Second, a curriculum was designed to integrate classroom-based lectures on the theoretical foundations of the “Psychology of Learning” field with hands-on labs to provide an applicable approach to dog training/behavioral rehabilitation. Lectures and labs were co-taught by a member of the SFU Department of Psychology, Dr. Shlomit Flaisher-Grinberg, and a member of the CPHS staff, Ms. Megan Stanton, (see Picture 1 below). Students attended lectures on topics such as habituation, sensitization, and classical and operant conditioning (Schacter et al.; Domjan), and applied their knowledge in lab sessions by training dogs for obedience (e.g., sit, down, stay, leash-walking), agility (obstacle course), and animal-assisted activities (appropriate behavior in classrooms, in a crowd, around medical equipment, around children and elderly individuals, etc.).
Various procedures and precautions were taken in order to allow the integration of dogs into the campus environment. The SFU Residence Life Office identified animal-approved housing so students could live with the dogs and monitor their progress. Appropriate classrooms were selected so students could work with the dogs on campus. The SFU IACUC implemented human and animal safety regulations, and campus police were notified about the approved presence of dogs in pre-specified campus areas (dogs were not allowed in dining and biology/chemistry lab areas). SFU provided financial support (via Excellence in Education, Curriculum Development, and Special Topic Grants to Dr. Flaisher-Grinberg), and CPHS provided dog food, crates, collars, leashes, and veterinary support.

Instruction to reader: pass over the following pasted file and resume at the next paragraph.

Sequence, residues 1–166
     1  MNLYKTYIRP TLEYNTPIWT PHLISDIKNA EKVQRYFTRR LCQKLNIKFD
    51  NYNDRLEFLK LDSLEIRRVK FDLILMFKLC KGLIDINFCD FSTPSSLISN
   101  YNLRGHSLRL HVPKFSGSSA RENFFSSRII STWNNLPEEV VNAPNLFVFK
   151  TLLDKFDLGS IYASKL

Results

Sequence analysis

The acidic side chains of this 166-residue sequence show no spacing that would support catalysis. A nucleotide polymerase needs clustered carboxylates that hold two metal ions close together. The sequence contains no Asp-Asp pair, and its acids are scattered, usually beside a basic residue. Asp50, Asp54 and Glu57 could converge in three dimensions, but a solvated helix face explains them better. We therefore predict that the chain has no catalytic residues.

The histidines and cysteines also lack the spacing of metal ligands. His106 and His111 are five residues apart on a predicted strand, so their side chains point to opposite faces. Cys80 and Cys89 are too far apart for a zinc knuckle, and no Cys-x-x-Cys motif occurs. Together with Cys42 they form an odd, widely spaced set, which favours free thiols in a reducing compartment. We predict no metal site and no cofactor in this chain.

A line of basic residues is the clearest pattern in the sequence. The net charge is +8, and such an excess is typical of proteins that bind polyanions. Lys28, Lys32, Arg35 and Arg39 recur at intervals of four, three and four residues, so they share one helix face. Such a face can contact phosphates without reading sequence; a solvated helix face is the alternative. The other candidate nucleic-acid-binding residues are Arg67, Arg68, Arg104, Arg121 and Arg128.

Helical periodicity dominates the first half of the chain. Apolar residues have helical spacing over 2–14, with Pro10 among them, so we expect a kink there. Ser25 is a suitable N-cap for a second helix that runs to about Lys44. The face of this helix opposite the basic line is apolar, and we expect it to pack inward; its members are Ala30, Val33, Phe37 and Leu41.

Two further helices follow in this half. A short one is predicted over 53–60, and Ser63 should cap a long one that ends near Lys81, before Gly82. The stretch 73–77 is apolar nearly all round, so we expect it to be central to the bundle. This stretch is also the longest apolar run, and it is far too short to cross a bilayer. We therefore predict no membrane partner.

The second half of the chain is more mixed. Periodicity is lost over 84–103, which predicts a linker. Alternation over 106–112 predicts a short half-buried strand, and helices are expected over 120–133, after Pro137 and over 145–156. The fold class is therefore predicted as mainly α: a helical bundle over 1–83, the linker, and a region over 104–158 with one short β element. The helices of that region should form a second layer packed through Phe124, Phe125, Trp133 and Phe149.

Thus far, the class has been administered in spring 2016, spring 2017, and fall 2018. It has included a total of 27 students and 10 dogs. Students’ demographic distribution included 24 females and 3 males; 12 students were in their junior year and 15 were seniors. Students had various majors (13 psychology, 9 biology, 3 occupational therapy/psychology, 1 nursing/psychology, and 1 social work/psychology). Dogs were of different sex, breeds and ages. There were 6 males and 4 females ranging in age from 8 months to 10 years. The mixes included Pitbull (5), Boxer (1), Pug (1), Beagle (1), Shepherd (1) and Hound (1). Two of the dogs had congenital sensory deficits, a unilateral hearing loss in one of the Pitbull mix females, and a congenital lack of right eye in the Pug mix. Several dogs had health issues (teeth decay in the Shepherd mix, various illnesses in the Hound mix), and many had various behavioral issues (lack of house training, lack of human and/or dog-socialization, lack of general training). Nine dogs were surrendered for mostly unknown reasons, and 1 had been found as a stray (see Picture 2 below).